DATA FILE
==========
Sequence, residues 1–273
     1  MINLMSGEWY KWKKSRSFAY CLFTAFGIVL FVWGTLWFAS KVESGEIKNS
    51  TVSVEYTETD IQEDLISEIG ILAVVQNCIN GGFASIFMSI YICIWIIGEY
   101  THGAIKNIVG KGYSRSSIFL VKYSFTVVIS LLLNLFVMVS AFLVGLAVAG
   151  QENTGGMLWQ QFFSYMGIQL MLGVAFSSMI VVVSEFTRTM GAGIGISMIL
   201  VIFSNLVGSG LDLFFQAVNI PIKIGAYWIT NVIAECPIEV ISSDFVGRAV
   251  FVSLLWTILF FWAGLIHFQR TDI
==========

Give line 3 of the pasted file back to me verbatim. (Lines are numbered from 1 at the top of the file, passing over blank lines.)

    51  TVSVEYTETD IQEDLISEIG ILAVVQNCIN GGFASIFMSI YICIWIIGEY